IT PAINS ME to write a negative review of ChkChk—but not as much as it pained me to have a full meal there.
Why the anguish? Later this month, anti-gay hatemonger Chick-fil-A will infiltrate Hillsboro with the opening of the first of a dozen planned new restaurants in the Portland area. ChkChk on NW 23rd, on the other hand, has its heart in the very best of places.
ChkChk "aims to reclaim the chicken sandwich from a fast food industry riddled with questionable sourcing and dominated by national chains who champion regressive social agendas," its website says. Restaurateurs Jessica and Aaron Grimmer—also of the Picnic House, Barlow, and High Noon—promise to donate five percent of ChkChk's profits to Portland's Q Center. The chicken is sourced from Draper Valley and Cascade Valley farms.
For those reasons, I'll happily hand over $7 for a chicken sandwich similar to the one I can get for $1.29 at Carl's Jr. But it has to taste at least marginally better than the fast food version—and that's where ChkChk needs work.
ChkChk has a streamlined menu of fried chicken sandwiches, a chickpea sandwich, mac 'n' cheese, salad, soup, and waffle fries. Because of the simplicity, its few flaws are fatal.
The main problem with everything is the seasoning. The ChkChk chicken sandwich ($7) comes in a regular and (very unspicy) spicy version. Individually, the ingredients sound good: a house-made bun reminiscent of brioche, a pickle infused with white truffle for "slightly sweet, rich flavor," lettuce, house sauce, and chicken breaded with a secret blend of spices that includes a dash of sugar. Together, those sweet elements form the sweetest savory sandwich I've ever had. Somewhere, the sugar's gotta come down a few notches (my vote is from the chicken).
Over two visits, the mac 'n' cheese ($6) was soupy, and the white cheddar sauce needed salt, while the bread crumbs on top and green onions provided the only textural relief. Fries are featured both plain ($2) and as the base of the Southern Fries ($7), which have the sweet chicken, the sweet truffle pickles, and house sauce.
On our visits, the only thing fried to order was the chickpea patty. The fries rested in a bowl. The chicken waited, precooked and already sliced, ready to be assembled at the counter and to arrive quickly but rather un-juicily at our picnic table in the dining room. The chickpea sandwich ($7) arrived after we were nearly done with the rest of our meal. The patty was crispy and held together nicely, but lacked texture and salt.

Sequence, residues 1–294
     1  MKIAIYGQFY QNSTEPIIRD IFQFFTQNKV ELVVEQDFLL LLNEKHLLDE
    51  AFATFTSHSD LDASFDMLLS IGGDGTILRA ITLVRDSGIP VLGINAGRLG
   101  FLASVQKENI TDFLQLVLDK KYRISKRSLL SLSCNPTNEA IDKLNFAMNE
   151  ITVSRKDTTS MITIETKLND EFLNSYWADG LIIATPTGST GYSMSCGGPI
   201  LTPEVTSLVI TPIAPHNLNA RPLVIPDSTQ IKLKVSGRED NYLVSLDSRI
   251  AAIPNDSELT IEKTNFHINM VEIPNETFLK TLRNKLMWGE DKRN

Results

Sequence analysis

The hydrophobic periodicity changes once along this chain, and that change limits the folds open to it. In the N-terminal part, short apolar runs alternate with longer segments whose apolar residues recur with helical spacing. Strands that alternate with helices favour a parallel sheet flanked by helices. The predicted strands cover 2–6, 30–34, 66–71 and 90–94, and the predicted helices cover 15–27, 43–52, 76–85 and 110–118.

ChkChk is struggling with delivering this "fast food" sandwich lickety-split (early reviews from the Yelp masses complained about wait times), while also preserving quality. "We do our best to fry our chicken and waffle fries to order," the owners said in an email. "Obviously when it's slammed we've got a whole bunch of chicken, chickpea (now vegan!), and fries in the fryer at all times, and we have systems in place to maintain the freshness of the product during slower times." It's very obviously a work in progress.
Considering the Grimmers are also behind high-end cocktail bar Barlow, it's nice to see their house boozy soda pops ($7), like the Peachpit Pop, with Campari, vermouth, and peach brandy. Beer on draft and non-alcoholic sodas round out the drink options.
Perhaps due to ChkChk's affinity for sugar, desserts were my favorite part of the menu, featuring Funfetti snack cakes in the fashion of a Twinkie and the insanely delicious Chix Bar. A spin on the Twix, the Chix Bar is a hefty half-inch-thick shortbread cookie with a very buttery caramel layer, coated in milk chocolate ($2.50). I'll probably stop by just for that next time I'm on NW 23rd.
ChkChk joins a tough market in Portland to crack: high-end fast casual. They can certainly take a cue from hitmakers Micah Camden and Katie Poppe. While their Little Big Burger and Blue Star Donuts concepts have gone bonanza, their Son of a Biscuit fried chicken shop on SE Division and Hop Dog on SW 12th both closed in the last six months.
As for ChkChk and their charitable donations, good meat sourcing, and great dessert making, I truly wish them the best of luck (cluck?).
1305 NW 23rd
Open daily 11 am-10 pm. Available for delivery through Caviar.